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Tuesday, 28 February 2012

Diary Entry - 28th February 1917

Walford: In the morning I woke - or rather I was awake most of the night and waddled out about six a.m to find a thick mist hanging over the earth. Considering the circumstances, I was feeling very fit and, except for the smell of human excreta that seemed to follow me about, I was quite happy. About ten a.m. I was just going up to Grundy Trench (our support line) and met Durand on the same errand, so strolled over the crest with him. The infanteer officer who was to have guided us seemed to know very little about the track, so we hit out in the direction we thought it was. We arrived all right and found an infanteer OP and asked him what he had seen of interest. His information about the wire which could be seen in places through the haze was of little use. So we wandered round looking for a position to run a wire to. During the course of the morning, I wandered back to see our new position and found the men busily digging and building platforms, the position was in No Man's Land, in a valley which ran off the Dyke Valley, I think. The whole brigade were here and it looked bad for us if the Bosche shelled us, as there was no cover. Dean relieved me about five thirty p.m, being late, and, as it was almost dusk, I and my signallers set out across country to try to race the light. We soon lost our way and never knew where we were until I hit the wire on the north of Bapaume road and discovered we had gone some one and a half miles out of our way. I knew it was hard to find one's way over the waste of shell holes, but I thought I knew the country well enough to hit a track I knew but was deceived and realise now what a time the infantry had in finding their posts at night. We eventually got in about seven thirty p.m.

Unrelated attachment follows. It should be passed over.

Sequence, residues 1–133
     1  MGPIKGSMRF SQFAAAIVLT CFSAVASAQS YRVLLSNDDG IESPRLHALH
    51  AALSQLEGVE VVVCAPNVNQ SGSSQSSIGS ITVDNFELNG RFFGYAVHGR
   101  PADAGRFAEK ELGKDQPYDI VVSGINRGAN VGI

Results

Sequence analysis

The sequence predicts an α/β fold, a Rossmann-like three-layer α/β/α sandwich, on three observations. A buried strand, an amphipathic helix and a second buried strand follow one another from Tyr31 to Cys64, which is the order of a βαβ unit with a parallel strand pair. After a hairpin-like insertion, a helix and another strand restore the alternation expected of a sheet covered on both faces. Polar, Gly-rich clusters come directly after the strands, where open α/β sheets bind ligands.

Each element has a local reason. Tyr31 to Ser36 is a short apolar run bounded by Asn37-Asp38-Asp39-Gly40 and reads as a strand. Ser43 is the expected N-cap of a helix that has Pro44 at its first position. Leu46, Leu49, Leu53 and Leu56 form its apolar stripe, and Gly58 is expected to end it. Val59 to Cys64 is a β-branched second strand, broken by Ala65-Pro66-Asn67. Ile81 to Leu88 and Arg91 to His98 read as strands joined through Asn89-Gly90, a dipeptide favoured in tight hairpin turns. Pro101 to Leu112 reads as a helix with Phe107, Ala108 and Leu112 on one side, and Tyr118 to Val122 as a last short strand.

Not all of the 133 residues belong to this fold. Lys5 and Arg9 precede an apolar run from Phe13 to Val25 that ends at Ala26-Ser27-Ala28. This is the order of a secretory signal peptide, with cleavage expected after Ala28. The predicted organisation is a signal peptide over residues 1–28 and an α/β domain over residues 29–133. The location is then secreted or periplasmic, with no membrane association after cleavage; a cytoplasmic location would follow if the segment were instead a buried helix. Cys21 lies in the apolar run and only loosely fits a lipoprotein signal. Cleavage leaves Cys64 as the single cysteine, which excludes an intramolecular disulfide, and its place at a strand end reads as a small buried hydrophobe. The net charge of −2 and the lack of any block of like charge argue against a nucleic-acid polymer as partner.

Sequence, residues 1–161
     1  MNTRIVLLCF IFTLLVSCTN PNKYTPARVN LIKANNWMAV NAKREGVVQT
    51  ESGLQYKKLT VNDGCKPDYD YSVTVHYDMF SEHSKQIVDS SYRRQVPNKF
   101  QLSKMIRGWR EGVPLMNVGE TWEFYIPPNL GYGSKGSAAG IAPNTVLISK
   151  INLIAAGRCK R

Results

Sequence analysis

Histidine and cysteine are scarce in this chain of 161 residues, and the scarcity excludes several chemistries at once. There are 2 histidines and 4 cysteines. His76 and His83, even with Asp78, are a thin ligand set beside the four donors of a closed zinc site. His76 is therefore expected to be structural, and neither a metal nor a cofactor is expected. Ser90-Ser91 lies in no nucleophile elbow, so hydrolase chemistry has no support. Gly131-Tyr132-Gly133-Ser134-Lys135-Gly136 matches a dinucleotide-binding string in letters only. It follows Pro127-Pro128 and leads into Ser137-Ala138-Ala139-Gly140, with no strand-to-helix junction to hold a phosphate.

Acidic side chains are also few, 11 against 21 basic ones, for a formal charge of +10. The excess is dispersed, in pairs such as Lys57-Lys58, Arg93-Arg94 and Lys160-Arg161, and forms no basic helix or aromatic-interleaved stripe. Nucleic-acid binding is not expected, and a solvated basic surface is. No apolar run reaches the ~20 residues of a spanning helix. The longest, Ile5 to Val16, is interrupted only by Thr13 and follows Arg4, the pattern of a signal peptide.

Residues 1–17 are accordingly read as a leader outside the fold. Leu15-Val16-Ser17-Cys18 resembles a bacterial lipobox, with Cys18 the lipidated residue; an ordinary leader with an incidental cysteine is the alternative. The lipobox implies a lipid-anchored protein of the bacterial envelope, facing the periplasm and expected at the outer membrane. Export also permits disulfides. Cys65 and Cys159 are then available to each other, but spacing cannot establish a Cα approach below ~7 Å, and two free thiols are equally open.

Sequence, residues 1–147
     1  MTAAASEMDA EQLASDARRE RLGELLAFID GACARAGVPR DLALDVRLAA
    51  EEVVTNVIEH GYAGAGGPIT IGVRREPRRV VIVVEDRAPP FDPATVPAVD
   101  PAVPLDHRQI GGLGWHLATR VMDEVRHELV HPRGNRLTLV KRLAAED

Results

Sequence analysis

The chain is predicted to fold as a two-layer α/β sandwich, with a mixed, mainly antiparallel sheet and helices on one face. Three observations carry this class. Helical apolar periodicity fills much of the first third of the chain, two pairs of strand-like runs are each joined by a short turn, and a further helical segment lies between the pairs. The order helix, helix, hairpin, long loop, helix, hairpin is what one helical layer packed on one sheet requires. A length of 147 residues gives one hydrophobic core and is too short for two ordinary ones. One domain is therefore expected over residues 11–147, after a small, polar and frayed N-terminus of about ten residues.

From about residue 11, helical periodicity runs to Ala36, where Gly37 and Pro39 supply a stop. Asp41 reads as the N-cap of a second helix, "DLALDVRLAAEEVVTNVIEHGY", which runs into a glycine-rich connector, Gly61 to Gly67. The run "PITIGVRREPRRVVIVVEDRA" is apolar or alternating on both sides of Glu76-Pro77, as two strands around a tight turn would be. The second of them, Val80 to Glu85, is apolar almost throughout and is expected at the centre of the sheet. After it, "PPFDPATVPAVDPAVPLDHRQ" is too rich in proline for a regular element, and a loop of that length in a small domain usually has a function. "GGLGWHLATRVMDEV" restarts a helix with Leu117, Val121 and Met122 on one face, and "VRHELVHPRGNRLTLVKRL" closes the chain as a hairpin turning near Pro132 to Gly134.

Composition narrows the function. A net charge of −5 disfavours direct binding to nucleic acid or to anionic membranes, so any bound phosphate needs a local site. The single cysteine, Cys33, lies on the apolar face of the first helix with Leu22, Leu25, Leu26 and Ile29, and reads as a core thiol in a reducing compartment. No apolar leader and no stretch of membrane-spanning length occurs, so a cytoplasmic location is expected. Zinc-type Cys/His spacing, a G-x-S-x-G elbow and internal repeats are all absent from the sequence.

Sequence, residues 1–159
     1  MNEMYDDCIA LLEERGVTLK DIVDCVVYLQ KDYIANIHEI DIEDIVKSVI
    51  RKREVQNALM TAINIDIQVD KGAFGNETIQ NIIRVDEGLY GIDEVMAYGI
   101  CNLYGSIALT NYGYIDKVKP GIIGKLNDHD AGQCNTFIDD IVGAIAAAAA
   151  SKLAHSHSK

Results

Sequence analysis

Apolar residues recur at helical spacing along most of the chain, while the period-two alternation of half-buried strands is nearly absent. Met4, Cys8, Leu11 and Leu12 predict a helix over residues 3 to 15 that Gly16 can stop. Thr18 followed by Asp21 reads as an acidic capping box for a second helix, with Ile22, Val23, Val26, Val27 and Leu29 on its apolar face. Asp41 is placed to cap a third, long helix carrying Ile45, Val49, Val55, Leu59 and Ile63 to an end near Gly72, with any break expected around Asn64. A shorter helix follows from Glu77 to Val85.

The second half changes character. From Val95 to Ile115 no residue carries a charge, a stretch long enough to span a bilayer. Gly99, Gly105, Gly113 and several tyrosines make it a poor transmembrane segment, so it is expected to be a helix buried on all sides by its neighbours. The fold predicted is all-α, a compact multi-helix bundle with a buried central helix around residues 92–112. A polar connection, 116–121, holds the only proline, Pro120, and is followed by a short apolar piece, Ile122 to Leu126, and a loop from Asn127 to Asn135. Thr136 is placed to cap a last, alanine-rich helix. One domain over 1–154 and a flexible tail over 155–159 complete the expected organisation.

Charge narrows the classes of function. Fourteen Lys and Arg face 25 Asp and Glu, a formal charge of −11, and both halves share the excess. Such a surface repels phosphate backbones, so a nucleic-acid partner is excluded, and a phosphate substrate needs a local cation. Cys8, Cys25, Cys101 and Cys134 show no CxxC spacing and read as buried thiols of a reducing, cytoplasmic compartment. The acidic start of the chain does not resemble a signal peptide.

Bee: Still very misty. Woke up with a stiff neck and feeling rotten. We have all hands on deck building a new position about a mile further ahead. Everything has to be carried there on pack horses. Have a miniature wagon line here at the battery now. I got the fore carriage of an old GS wagon, which I think ought to come in very handy for transporting material. A 60 lb came in here last night and has made a nasty mess of our position. Hear the Huns are blowing up the crossroads, wells and mining dug outs, also building traps for the dug outs.

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